Monday, January 21, 2013

Where I've been - Where I'm going

Me, age 20
I have spent a lot of time lately looking at where I've been. My life has been a rough one, but mostly by choice. I could have decided to live a "normal" life and been "like everyone else" and been comfortable. I could have worked a regular job, played cards on the weekend, and avoided difficult things like religion and philosophy. Instead, I put my own self ahead of those normal, comfortable things. I chose to be religious, to be pagan, to be different sexually than the average person. In some ways these weren't so much choices in being (I am who I am when it comes to belief and sexuality, after all, and there's not much I can do to change that) but in exposing myself. I could have hidden that I was bisexual, kinky, pagan, poly, religious, feminist... I could have let it be a background thing that was in a closet, stuffed away. The choice I made was to be what I was, without hiding.

Me, age 41
I look at these two pictures, and I see only a few differences, surprisingly. My face is a bit rounder and I weigh a few pounds more. My glasses are smaller (and more effective). But the smile is the same. The eyes are the same. My hair isn't currently dyed, but it could be. The necklace in the upper picture now resides with my daughter, and the necklace in the one to the right has special meaning to me. It's still ME though. I haven't changed as much as I would have thought I would. I don't look significantly older. The few gray hairs I have are largely hidden in my blondish natural hair color. I pluck my eyebrows now, and I never did when I was younger. I still don't wear makeup and avoid bras whenever possible.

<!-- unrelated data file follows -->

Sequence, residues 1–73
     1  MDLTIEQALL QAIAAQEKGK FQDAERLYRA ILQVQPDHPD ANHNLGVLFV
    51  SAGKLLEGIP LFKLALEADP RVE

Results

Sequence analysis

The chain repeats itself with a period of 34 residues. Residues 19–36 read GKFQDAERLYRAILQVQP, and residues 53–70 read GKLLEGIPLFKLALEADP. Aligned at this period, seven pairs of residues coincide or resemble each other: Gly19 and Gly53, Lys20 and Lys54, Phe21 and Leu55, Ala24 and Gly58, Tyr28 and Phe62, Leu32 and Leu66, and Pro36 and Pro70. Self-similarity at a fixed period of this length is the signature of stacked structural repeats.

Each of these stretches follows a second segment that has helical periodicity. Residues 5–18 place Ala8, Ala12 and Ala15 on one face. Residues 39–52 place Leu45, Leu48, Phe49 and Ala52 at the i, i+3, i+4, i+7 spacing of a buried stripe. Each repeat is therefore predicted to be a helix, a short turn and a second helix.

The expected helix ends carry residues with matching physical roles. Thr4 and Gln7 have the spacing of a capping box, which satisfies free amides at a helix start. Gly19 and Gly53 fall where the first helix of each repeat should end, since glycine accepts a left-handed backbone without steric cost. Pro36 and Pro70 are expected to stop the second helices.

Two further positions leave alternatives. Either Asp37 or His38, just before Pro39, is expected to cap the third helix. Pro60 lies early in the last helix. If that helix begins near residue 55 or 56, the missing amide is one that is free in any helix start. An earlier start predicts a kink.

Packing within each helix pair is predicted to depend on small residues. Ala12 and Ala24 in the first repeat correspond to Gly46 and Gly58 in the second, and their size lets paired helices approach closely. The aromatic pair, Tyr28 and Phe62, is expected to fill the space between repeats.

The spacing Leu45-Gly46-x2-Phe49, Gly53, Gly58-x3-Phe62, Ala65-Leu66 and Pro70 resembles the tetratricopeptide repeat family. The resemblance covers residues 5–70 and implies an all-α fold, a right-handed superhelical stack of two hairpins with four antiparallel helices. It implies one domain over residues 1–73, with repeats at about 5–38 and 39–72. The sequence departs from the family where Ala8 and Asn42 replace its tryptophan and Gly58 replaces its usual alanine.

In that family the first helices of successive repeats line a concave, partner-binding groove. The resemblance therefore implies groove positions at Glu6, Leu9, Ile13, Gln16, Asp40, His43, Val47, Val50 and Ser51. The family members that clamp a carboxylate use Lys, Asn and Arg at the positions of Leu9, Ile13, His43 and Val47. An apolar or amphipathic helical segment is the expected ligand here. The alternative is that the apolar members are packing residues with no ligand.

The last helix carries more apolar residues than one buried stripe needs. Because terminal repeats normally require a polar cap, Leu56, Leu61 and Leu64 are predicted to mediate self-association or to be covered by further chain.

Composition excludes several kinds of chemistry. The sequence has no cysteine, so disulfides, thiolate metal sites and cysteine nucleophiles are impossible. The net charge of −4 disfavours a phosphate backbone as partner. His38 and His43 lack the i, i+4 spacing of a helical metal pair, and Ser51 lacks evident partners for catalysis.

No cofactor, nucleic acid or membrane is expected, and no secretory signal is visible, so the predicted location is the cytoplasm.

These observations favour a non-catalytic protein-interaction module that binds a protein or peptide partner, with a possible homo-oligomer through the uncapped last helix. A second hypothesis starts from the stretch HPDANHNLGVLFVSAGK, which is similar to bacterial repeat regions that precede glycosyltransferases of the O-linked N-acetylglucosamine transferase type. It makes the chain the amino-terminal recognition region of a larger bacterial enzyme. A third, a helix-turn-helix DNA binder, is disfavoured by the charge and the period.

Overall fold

So what has changed? I think the most significant change is... me. The inside me has grown so much larger over the past 22 years. I've done years of therapy in between, getting over the abuses of my childhood and young adulthood. I've attended seminary and graduated and been ordained. I look at the world through different eyes, now. I'm calmer, more self-possessed, less impulsive. I deal better with schedule changes, and I cook more.

Over on FaceBook, someone posted up a picture that shows a silhouette face bursting into flying birds (it's beautiful, not freaky). Under it is a quote from Lao Tzu: "If you correct your mind, the rest of your life will fall into place." The quote has been stuck in my mind for a couple of hours now. I ask again, what has changed? The answer is that I've (at least partially) corrected my mind. Life is now falling into place.

What masks do you hide behind? (1)
Some 20 years ago, I felt it was important to let all my emotions hang out. I now refer to it as emotional bulimia, because I emotionally vomited everywhere, even places where it was horribly incorrect to do so. I thought that allowing my emotions to burst forth whenever and everywhere, I would correct the damage of having held in those emotions for the years of my childhood. I was wrong. What I did had very little (if any) positive impact on me, and caused great harm and damage to all those around me.

Ten years ago, I began serious work on correcting my problems. I worked intensively with a therapist who didn't judge my oddities in lifestyle, but focused on my outbursts and my inner pains. Dr. D. had the bravery to tell me when I was wrong, bluntly and without beating around the bush. I owe him my life. I owe him my relationships, too, because his patient and kind help allowed me to let real love enter my heart.